A recent article in The Register caught my eye and inspired me to share some of my past experiences as a corporate recruiter for two tech firms. (I also asked a few of my colleagues who are currently working in recruiting to take a look and share their thoughts.) Titled “Why women won’t apply for IT jobs,” the article cites findings from the Australian Computer Society Foundation Trust Fund, with their executive director noting, “Women won’t apply for IT jobs unless they are certain they meet every single criterion for the gig.”
Readers of Clay Shirky’s A Rant About Women will recognize similar points made in this Register article, and no doubt many a useful article and research paper has been written on this same topic. (In fact, I’d like to read them—please share in the comments on this post.) I’m not here to explore this field of study, rather to give folks an inside look at corporate hiring processes with a view to helping women feel more confidence in their searches for tech jobs, regardless of whether their skills exactly match those in a particular job description.
Please note that this is a summary of some of my experiences, experiences I’ve heard about from friends, and general hiring horror stories shared by colleagues over cocktails at HR functions. Your mileage may vary. Greatly.
Hiring Managers Do Not Know Exactly What They are Looking For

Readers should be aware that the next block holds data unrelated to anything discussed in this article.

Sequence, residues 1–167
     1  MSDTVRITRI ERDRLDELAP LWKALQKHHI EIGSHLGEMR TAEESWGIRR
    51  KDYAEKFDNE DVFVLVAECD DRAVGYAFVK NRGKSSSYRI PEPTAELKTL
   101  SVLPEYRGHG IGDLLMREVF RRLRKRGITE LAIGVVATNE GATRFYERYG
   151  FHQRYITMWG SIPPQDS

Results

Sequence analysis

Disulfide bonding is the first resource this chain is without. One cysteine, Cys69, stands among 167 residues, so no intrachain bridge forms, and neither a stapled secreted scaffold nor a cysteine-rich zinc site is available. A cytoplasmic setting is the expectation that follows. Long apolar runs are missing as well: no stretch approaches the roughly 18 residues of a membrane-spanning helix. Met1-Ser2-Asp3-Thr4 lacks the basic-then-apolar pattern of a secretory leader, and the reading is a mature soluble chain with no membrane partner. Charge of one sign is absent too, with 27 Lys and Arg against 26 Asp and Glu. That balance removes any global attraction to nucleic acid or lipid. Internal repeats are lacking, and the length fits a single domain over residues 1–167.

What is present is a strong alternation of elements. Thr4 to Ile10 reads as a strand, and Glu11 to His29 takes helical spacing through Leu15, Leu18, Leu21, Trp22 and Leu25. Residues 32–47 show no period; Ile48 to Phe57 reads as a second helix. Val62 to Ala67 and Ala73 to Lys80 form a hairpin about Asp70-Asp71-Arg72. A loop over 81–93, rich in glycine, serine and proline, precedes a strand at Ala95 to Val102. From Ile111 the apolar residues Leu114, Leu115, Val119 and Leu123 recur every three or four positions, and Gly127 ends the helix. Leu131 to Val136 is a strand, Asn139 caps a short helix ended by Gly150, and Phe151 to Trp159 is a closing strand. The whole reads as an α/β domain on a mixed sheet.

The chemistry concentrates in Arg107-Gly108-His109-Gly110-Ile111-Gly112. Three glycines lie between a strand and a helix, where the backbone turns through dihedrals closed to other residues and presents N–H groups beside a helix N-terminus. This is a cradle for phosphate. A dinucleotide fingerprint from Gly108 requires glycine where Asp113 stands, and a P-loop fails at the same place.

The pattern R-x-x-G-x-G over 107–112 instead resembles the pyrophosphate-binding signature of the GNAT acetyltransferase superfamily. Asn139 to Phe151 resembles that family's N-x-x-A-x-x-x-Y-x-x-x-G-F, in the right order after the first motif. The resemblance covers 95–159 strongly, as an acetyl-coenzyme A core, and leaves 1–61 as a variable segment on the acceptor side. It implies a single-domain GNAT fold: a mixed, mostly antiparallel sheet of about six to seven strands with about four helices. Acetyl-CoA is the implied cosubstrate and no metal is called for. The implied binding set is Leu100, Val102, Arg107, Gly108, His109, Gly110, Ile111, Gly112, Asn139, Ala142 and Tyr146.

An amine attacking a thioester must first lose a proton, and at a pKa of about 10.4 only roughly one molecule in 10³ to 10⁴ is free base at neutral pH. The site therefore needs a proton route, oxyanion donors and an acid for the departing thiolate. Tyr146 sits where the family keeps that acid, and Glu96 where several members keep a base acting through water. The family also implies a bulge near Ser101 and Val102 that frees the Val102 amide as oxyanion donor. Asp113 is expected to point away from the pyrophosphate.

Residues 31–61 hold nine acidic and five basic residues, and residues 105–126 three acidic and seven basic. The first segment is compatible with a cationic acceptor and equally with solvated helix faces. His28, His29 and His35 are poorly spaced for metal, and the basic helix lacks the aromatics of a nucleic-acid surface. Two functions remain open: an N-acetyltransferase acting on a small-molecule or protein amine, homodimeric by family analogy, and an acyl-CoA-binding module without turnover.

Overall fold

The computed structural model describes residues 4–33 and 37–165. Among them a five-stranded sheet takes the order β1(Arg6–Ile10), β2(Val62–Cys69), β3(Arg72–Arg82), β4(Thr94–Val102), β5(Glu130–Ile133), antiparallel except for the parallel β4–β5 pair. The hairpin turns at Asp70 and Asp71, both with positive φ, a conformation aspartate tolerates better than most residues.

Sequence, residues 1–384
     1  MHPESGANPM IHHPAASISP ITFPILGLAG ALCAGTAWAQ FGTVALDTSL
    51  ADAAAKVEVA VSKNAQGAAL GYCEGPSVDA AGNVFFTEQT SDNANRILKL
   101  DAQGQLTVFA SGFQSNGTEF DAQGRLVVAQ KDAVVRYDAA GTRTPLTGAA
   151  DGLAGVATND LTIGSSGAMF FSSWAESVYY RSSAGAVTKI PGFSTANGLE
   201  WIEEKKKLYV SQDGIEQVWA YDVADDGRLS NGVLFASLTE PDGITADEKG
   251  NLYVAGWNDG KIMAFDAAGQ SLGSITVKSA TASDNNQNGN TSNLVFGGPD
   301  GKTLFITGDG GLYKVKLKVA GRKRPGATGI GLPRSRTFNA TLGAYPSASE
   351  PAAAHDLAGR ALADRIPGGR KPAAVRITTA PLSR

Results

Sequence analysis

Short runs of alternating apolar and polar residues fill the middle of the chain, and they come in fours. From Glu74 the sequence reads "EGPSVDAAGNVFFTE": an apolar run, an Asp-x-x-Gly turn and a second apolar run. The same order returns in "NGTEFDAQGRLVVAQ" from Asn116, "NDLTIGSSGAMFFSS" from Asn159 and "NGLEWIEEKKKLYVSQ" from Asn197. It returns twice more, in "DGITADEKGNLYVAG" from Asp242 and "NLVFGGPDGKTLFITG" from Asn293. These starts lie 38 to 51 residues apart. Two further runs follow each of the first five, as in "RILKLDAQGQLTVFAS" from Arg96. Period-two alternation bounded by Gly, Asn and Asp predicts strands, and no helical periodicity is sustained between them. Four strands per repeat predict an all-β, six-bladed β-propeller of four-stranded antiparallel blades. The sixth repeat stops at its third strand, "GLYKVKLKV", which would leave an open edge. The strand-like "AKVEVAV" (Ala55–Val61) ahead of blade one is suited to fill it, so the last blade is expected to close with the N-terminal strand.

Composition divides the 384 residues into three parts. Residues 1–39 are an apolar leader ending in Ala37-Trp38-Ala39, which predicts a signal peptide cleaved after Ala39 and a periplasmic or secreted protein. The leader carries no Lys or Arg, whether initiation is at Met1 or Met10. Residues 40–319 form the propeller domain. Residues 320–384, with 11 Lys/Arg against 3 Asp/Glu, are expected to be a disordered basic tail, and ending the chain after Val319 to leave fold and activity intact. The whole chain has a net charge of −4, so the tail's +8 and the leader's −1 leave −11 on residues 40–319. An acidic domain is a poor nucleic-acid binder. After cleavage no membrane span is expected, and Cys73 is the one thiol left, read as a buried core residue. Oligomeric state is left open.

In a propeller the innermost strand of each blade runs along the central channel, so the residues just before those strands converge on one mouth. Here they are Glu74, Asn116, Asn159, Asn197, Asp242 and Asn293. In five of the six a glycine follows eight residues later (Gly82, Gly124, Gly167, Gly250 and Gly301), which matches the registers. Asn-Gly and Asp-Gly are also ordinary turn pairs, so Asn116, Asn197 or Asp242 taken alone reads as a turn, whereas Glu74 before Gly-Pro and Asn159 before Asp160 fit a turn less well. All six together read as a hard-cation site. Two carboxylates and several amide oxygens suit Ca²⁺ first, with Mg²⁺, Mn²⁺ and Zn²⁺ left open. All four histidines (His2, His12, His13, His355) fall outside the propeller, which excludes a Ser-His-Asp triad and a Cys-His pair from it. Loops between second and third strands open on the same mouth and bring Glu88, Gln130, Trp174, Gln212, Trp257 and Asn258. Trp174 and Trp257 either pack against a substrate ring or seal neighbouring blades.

Anyone who has ever managed people will tell you that hiring well is challenging at best, particularly when many managers in the technical field are engineers first, social creatures second. Just because someone is gifted technically does not somehow make them equally gifted with the power to recognize exactly what skill set is required in a new hire to make their team most successful. In fact, managers often know that their team requires many disparate skills, and they create job descriptions that are a laundry list of these many different attributes, knowing full well that such a candidate likely does not exist. Worse yet, that laundry list of skills is usually a list of every possible skill a future employee might need over a period of several years, rather than a reasonable assessment of what any given individual would do on a day-to-day basis.
The reason this approach persists is simple: cast the widest possible net, catch more fish, and hope that one of them is the closest possible approximation of the person you need. Another reason is the bare facts of being at any rapidly moving organization: what you need today, you may not need in a week, a month or a year, so you ask for someone who can do every possible thing in the hope that they can be agile enough to switch their focus more or less seamlessly. It’s a nice thought, but it’s never going to happen that way in real life; no matter how talented someone may be, there’s always going to be a context switch cost when changing priorities, product line, or programming language.
Recruiters Are Often Trying to Channel What a Hiring Manager Wants
Speaking from experience, the creation of most job descriptions goes a little bit something like this:
Recruiter: Hello, Hiring Manager, so great I could get a meeting with you this week!
Hiring Manager: Yes, great to see you. I was due in the War Room 15 minutes ago, so we need to make this quick.
Recruiter: You got it. I know you have three open reqs to fill. How can I help?